Congratulations on reading this blog all the way to the first week of the semifinals. I can assure you the back half of the season will have every twist and turn you can imagine, plus exciting match-ups, new friendships and broken allegiances.

The first order of business was to select the semifinal match-ups. All Canadian welterweights wanted to fight Australia’s Richie Walsh, seemingly because they were all teammates, therefore they didn’t want to fight each other. But with three of them through, it was inevitable that two of them would meet in the Octagon and one of their dreams would be shattered. The middleweights seemed a lot simpler. Tyler Manawaroa and Elias Theodorou had been wanting to fight each other for quite a while, and with impressive fast finishes by both Vik Grujic and Sheldon Westcott, they both wanted to test each other.

The fights were announced to us as a group: Walsh would fight Olivier Aubin-Mercier, Kajan Johnson would fight Chad Laprise, Vik would fight Sheldon, and Tyler was set for an explosive battle with Elias.

The first fight off the mark was Kajan against Chad, a battle between two teammates—not only on Team Canada, but they are also training partners at Tristar Gym in Montreal. Certainly, it’s an odd scenario for them, but this competition was The Ultimate Fighter, after all, and not “The Ultimate Teammate.”

Chad had been spending a bit of time chatting with us each night, because for him to get to his bedroom, he had to run the gauntlet past our bedroom of singing and one-upping stories. As we got to know Chad a bit better, it was clear he was a genuinely nice guy, a true professional in the sport and a great ambassador. I was surprised when I learned from Chad that he was a very angry guy growing up, as he’d come from an abusive childhood. He’d found God and met his beautiful wife and changed his life for the better. What a great story! He also wrote his wife a letter every single day for our entire time there, and although we weren’t able to send them, he was going to give them to her when he got out. It was like that movie, The Notebook. Not that I’ve seen that film, because I’m a bearded man…okay, maybe I have, once.

So Chad and Kajan were set to fight, and as an impartial fan of the sport, I was excited for this match-up. Two guys who were seemingly really well-rounded, fighting out of one of the top gyms in the world. This would certainly be a good display of skill. It certainly would have been harder for members of Team Canada, not knowing who to cheer for, or even if they should cheer at all.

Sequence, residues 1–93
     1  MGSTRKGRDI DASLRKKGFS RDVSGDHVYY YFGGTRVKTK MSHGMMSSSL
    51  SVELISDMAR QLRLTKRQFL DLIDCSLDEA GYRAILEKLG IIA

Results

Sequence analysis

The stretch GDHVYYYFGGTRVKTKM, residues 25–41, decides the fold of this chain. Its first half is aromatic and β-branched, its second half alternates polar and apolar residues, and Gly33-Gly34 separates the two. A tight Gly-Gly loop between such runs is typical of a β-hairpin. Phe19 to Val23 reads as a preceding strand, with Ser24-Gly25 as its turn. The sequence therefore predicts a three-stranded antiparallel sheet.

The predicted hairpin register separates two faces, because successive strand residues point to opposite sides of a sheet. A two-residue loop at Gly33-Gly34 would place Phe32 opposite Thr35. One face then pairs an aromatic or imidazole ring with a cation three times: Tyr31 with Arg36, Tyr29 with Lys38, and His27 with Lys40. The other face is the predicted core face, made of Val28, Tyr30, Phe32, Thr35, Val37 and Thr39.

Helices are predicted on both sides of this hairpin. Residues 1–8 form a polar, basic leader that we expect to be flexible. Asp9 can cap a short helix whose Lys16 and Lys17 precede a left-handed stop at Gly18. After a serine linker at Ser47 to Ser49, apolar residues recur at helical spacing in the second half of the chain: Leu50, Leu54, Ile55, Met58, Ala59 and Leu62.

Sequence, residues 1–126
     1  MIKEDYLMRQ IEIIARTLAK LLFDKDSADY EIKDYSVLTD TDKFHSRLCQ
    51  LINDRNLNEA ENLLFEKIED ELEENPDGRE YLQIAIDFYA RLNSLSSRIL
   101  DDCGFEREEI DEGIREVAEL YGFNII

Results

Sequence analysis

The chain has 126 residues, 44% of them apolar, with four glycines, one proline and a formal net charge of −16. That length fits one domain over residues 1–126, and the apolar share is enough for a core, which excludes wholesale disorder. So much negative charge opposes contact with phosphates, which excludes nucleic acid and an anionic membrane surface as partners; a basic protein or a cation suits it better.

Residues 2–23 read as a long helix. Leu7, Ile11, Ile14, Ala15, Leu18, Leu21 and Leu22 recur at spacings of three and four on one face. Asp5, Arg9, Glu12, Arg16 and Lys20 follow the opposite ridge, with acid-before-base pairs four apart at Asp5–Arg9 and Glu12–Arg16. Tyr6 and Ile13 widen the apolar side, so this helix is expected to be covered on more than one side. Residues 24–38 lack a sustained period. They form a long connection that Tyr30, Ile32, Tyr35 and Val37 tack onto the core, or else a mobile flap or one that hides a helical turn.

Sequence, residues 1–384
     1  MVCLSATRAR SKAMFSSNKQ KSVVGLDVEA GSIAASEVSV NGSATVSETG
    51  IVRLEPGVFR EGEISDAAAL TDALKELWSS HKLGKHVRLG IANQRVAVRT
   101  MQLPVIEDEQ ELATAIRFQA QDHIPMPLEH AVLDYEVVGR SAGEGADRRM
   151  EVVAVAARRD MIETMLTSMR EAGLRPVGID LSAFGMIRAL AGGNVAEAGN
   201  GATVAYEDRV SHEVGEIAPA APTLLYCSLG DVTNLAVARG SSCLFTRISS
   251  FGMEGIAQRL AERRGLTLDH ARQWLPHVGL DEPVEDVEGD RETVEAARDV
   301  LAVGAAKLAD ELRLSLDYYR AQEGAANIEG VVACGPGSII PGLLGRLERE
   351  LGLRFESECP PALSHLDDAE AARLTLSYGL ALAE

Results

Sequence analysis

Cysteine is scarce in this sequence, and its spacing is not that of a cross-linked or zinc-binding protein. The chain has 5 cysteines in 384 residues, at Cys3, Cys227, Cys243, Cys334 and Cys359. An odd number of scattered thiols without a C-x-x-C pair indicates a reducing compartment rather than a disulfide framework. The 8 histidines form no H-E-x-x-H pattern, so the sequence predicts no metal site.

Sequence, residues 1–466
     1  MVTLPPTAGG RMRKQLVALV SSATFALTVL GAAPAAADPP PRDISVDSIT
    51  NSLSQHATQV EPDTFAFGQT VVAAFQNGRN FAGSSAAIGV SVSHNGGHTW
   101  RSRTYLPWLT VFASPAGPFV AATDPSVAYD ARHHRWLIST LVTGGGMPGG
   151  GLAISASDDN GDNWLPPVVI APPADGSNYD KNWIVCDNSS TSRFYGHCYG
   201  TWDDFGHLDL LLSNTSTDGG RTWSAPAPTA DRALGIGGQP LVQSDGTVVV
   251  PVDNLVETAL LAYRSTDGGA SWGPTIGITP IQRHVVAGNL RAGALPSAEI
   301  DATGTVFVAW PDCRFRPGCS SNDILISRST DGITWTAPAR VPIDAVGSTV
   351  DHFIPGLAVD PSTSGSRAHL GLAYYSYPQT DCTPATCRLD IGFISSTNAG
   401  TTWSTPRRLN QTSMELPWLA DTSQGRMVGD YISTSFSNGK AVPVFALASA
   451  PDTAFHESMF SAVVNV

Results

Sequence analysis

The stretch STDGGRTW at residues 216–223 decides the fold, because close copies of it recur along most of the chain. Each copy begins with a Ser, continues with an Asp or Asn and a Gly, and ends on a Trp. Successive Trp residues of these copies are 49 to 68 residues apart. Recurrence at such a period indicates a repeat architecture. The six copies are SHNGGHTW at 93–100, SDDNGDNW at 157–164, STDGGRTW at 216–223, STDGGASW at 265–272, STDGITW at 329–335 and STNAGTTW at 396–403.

As the fight kicked off, both guys moved a lot, finding range with long punches and some low kicks. It was quickly apparent that Chad’s cornerman, Kru Ash, was far more vocal than Kajan’s corner. All of the Canadian coaches had been extremely friendly to everyone during our time there, and I could only imagine there was some reason for this. As the fight progressed, there was no real advantage to either fighter, although Chad was pressing forward more and Kajan was looking to counterpunch.

Round two began, and Kajan made a few attempts at a takedown, but he was unsuccessful. It seemed momentum was beginning to shift in Chad’s favor, more so in mood and energy than in any actual strikes landed. It seemed as though Chad’s self-belief was growing exponentially, whereas Kajan’s was slowly diminishing. Then, out of nowhere, “CRAAACK,” a massive overhand right landed square on Kajan’s jaw and folded him to the canvas. There was absolute silence in the arena. Nobody made a sound, and it was one of the most eerie environments I’ve been in.

Obviously, the Canadians didn’t enjoy seeing it, and none of us Aussies enjoyed seeing what we knew was a very serious knockout and subsequent injury. Chad had earned himself a spot in the finale, and deservedly so. He looked extremely sharp in the fight, listening well to his corner and got the job done well.

I was really happy for Chad, as I knew he was a guy who deserved this success, but I was hoping Kajan would get out of it without anything too serious. After learning his jaw had been broken in three places, I was disappointed for Kajan. Even after the differences we’d had, it was sad to see a guy have his dream taken away in such a devastating fashion, with a seemingly long and painful road to recovery ahead of him. However, we’re all professionals and know exactly what’s on the line each time we roll the dice and fight. We understand and accept the consequences.

The next fight—Tyler Manawaroa and Elias Theodorou— was one we’d been itching to see. Tune in next week to see what fireworks this brings!

Until then, Keep Badgin!

Brendan “Badger” O’Reilly would like to thank his cult-like supporters, his sponsors Mass Nutrition Chermside, Sports Master Athletics, Harris Stability Systems, Battlebeard Athletica and gyms Gamebred Combat Club, Alliance Jiu Jitsu Brisbane and Fortitude Boxing. Follow the Badger’s antics on Twitter: @oreillymma
Watch The Ultimate Fighter: Nations every Wednesday night at 10 p.m. ET on Fox Sports 1

About The Author

Brendan O'Reilly
TUF: Nations Blogger

Brendan "Badger" O'Reilly prides himself on being a physical and aggressive fighter. He is a purple belt in Brazilian Jiu-Jitsu and is a former Greco-Roman and Freestyle wrestling state champion in Australia. Before discovering MMA, Brendan was a representative Rugby League player, while also competing in rodeos. He set aside both sports to focus solely on succeeding in mixed martial arts. Outside of competing as a professional fighter, Brendan owns and operates Gamebred Combat Club, a Cross Fit and MMA gym, in Brisbane, Australia and also boasts a degree in Applied Science.